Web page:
Considering public spaces, one might ask whether parks, for example, are “critical infrastructure.” Clearly, they are not vital to one’s ability to recover or survive a catastrophic event, but are they critical in terms of daily life? I would argue that they are. So what level of risk are we willing to accept for parkland? And if this parkland—125 of New York City’s 525-mile-long coastline, for example—is within a zone of vulnerability from storms and sea level rise, then will we slowly see the disappearance of it as seas rise and storm frequency accelerates? Should we be planning to replace that parkland elsewhere? Should we relocate (“retreat”) people from coastal communities so that we can build replacement parks at a higher elevation (a highly unlikely option)? Or do we simply accept this “taking” of parkland by natural forces? On the other hand, when is a “floodable park” no longer usable? When it floods monthly, or weekly, or diurnally with the tide? All of these elements come into consideration when evaluating the investment value of resiliency interventions in these spaces.
(3) Officially categorize structures and spaces and take action based on risk management and climate change considerations
The NYC Mayor’s Office of Climate Policy and Programs, to which I am a contributor, suggests that, going forward, buildings and infrastructure should be formally categorized as to their “criticality,” and that these rankings should result in a level of responsibility on the part of clients. Presumably this would apply to public entities, but not always. The NYC Economic Development Corporation recently issued a request for proposal to developers for the reconstruction of the Bronx’s Hunts Point Produce Market—which delivers fresh produce to 22 million people along the Eastern Seaboard—to ensure that the project provides a facility to the public that is sufficiently robust. This will guarantee that through redundant systems and good site planning, it will withstand, or be able to quickly recover from, a catastrophic event. In the absence of such a system, food supply would be disrupted for days, and the economic loss from spoiled food products would be in the millions of dollars.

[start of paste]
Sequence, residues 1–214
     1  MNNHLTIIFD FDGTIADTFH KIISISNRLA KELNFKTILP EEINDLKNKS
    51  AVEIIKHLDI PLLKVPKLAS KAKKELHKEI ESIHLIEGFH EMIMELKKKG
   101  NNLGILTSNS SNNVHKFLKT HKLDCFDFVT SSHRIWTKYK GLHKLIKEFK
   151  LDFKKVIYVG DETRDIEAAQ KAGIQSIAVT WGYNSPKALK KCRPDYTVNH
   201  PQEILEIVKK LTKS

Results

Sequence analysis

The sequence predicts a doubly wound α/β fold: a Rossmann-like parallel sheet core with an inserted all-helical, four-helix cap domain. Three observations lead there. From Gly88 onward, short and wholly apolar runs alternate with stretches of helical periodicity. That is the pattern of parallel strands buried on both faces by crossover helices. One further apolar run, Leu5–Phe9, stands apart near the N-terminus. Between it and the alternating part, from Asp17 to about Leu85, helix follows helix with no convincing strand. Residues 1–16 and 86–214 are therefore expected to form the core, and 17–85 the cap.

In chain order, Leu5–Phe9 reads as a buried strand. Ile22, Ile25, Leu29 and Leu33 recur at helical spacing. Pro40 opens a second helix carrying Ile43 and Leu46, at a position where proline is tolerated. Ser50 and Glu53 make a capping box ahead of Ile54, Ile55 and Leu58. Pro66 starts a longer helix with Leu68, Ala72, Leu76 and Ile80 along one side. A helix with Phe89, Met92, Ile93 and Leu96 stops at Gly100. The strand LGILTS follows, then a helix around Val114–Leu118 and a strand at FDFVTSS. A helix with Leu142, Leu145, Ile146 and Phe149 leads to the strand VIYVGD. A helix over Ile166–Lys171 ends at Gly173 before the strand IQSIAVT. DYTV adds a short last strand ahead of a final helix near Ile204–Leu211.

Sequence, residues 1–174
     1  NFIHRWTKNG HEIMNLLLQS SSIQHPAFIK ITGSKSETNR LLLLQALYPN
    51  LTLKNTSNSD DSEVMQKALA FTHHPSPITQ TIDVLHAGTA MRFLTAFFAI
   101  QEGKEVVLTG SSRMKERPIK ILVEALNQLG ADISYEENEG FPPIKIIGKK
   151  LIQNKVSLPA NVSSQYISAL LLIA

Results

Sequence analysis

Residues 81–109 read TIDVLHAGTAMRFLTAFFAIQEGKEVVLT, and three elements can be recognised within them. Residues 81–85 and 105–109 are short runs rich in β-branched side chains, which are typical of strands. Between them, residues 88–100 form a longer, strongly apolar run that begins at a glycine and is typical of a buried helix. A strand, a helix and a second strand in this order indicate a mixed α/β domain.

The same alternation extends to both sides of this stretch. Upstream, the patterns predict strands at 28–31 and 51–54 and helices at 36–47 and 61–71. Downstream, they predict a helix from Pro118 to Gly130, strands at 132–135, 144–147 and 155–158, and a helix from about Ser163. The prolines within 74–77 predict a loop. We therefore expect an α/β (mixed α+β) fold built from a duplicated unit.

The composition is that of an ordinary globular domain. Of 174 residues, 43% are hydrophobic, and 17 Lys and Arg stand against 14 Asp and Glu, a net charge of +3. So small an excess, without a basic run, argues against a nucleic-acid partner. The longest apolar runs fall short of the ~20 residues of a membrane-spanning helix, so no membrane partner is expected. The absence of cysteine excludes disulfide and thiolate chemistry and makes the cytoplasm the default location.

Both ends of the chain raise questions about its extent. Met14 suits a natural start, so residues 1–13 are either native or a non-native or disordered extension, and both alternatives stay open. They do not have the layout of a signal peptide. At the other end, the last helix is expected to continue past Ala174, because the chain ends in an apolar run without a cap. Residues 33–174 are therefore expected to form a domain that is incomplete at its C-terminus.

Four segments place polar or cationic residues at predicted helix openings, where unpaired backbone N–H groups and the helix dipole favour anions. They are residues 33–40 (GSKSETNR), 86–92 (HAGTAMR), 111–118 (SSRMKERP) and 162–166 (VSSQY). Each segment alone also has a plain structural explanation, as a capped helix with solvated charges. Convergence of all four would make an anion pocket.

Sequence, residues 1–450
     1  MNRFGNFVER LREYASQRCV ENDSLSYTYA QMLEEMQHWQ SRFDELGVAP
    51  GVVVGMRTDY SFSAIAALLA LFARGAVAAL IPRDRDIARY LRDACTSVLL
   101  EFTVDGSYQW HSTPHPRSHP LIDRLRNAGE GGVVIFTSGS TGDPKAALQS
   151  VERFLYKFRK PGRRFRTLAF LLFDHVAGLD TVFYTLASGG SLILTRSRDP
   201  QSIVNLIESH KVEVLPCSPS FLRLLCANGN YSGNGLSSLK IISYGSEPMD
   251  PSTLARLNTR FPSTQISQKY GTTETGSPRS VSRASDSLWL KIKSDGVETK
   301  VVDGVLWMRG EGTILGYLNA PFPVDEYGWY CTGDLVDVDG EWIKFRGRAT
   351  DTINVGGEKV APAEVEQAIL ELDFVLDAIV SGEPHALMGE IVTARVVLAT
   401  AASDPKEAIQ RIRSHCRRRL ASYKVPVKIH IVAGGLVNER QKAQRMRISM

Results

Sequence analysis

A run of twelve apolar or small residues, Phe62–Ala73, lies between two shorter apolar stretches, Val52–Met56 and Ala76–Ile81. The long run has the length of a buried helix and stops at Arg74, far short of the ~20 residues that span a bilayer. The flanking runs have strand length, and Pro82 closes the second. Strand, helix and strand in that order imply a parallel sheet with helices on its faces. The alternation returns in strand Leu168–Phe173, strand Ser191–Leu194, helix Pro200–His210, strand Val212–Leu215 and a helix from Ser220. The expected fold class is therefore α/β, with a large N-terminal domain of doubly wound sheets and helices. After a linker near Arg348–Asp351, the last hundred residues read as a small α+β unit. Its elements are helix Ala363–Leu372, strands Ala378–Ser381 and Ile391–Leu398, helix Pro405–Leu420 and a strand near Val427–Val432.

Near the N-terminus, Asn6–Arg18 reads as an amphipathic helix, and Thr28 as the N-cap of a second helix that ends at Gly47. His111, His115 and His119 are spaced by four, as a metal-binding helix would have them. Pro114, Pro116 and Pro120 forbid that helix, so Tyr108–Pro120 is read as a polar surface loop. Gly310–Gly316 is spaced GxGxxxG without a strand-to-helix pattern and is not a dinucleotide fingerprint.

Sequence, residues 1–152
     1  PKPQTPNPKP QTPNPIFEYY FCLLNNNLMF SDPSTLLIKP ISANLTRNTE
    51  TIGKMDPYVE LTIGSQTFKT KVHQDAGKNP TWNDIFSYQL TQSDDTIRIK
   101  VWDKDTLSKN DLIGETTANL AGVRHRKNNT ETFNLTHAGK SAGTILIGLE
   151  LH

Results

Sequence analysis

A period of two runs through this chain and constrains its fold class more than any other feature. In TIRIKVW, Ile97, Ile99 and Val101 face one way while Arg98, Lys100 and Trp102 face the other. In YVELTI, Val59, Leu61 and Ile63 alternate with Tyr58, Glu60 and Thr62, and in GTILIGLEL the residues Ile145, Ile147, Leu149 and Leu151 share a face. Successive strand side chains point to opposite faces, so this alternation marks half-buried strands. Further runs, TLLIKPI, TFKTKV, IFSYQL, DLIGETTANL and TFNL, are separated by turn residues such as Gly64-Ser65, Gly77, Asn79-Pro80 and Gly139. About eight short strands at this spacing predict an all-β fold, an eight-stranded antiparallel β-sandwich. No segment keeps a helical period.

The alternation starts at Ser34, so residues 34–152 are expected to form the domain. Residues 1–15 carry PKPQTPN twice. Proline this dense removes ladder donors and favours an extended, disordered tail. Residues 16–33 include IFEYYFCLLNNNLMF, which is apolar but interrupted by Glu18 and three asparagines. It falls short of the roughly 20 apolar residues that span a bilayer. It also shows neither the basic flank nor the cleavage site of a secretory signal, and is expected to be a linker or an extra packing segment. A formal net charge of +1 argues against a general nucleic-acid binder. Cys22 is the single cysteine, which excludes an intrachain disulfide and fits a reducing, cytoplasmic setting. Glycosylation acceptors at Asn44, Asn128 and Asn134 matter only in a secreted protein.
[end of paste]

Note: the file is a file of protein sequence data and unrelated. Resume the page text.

We need a different paradigm. The bottom line is that we, as designers and as a society, particularly in cities with vulnerable coastlines, cannot afford to save our entire built environment as it’s currently constructed. In New York, we’re unlikely to become a city of “climate refugees”—at least, not in the immediate future. So how does a coastal city of almost 9 million adapt to climate change?
The process will necessitate a multipronged approach requiring virtually every city agency to advance its thinking. If retreat and relocation are to be taken seriously, for example, we need to start looking at upzoning areas of higher ground. We need a different strategy to deal with our sewer systems, which determine street grades; streets with sewer outfalls that dispose of stormwater into our rivers are frequently low-lying and serve as conduits for inland flooding. And we need to take a comprehensive look at our parkland to identify where our recreation resources will disappear over the next 50 years and whether they can be replaced or should be made resilient.
But these suggestions merely reinforce a siloed approach. Ultimately, the city needs an integrated set of policies that can cut across all agencies, ensuring that every dollar spent on resiliency results in multiple long-term benefits.